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High Anxiety as 7-Eleven Takes Aim at Bodegas

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7-Eleven opened a new store at 142 Delancey Street last week.

The Wall Street Journal this week takes a look at 7-Eleven’s conquest of New York City, noting that some bodega owners feel threatened by the big chain that boasts more than 47,000 locations worldwide.  The company is planning to open 30 new stores in the city during the next five years (there are already 100 or so 7-Eleven’s in the five boroughs).  As we indicated last Thursday, a new outlet just opened at 142 Delancey Street.  Another store is coming to 403 Grand Street.

The Center for an Urban Future is about to release its annual report tracking chain stores in the city.  The survey will show that 7-Eleven is the 15th largest chain in New York (it was 26th largest in 2008).  The chain has been aggressively wooing bodega owners, trying to cajole them into converting their small businesses to 7-Eleven franchises.  Recently officials from the company met with members of the Bodega Association of the U.S.  Association President Ramon Murphy told the Journal, “The main thing is, let’s educate our members, let’s be prepared for competition. If you want to be 7-Eleven, great. You don’t want it, I’ll help you, too. We want to keep the bodega in New York.”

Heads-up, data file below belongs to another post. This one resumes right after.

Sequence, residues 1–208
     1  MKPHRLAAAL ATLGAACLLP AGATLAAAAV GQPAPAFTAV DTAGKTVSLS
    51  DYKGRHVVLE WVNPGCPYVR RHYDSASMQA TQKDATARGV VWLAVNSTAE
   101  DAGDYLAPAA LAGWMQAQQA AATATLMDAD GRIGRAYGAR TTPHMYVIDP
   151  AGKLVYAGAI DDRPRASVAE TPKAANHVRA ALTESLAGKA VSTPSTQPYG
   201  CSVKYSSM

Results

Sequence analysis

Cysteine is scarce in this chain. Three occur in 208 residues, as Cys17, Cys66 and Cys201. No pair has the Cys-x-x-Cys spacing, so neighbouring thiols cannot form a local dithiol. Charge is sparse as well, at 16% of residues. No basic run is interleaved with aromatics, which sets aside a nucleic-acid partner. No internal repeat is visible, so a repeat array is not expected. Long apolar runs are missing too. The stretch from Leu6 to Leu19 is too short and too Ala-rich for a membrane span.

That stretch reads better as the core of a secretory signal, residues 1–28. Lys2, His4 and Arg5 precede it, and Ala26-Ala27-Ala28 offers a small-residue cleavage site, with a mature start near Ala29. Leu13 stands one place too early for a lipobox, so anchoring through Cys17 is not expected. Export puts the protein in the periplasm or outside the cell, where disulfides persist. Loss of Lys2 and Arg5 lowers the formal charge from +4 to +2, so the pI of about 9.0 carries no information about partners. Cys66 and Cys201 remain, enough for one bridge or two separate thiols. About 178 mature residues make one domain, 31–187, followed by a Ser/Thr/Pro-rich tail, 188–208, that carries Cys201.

The new location on Delancey Street is corporate-owned but the company hopes a franchisee will eventually take it over. There have been information/recruitment sessions in several neighborhoods. One such meeting on the Upper West Side, the Journal noted, was a bust. No one showed up.  No bodega owners have signed on in New York, although several other business operators have enrolled in the program.  Some of those who are resisting are starting to feel the heat:

“They’re gonna close me,” said Sedki Ali, the owner of 374 Deli on Eighth Avenue. The 7-Eleven is just a few blocks away from the one concerning Mr. Yu.  He said since 7-Eleven opened about a month ago, his sales have been cut in half. “I usually order cigarettes every week, now this is the third week I still have them,” he said.  A similar refrain is heard in the East Village. Near a two-month-old 7-Eleven close to the once counterculture corner of St. Mark’s Place and Second Avenue, bodega owners say they saw an instant hit to their bottom line when the store opened, with sales decreasing on everything from coffee and soda to hot dogs.  “We are trying to do different things,” said the owner of Gem Spa, across the street. “We have to add. We are thinking of adding something. We don’t know what to add.”


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  1. Sad to say, with dingy surroundings and high prices most bodegas are an easy target for 7-11. Hopefully, these small business owners will rise to the challenge and upgrade their establishments.

  2. Good. Maybe they’ll stop ripping off customers and upscale their operations away from cheap booze, lottery tickets and cigs

  3. I wonder how bodegas stay in business, you would think poor folks who not waste their money on overpriced goods, cigs, and beers, unless you extremely busy and working the morning and afternoon shift, in fact many bodegas are not too far from a grocery store, bodegas don’t really offer the community anything for the most part, except for beer, cigs, and drinks
    that are refrigerated at night.

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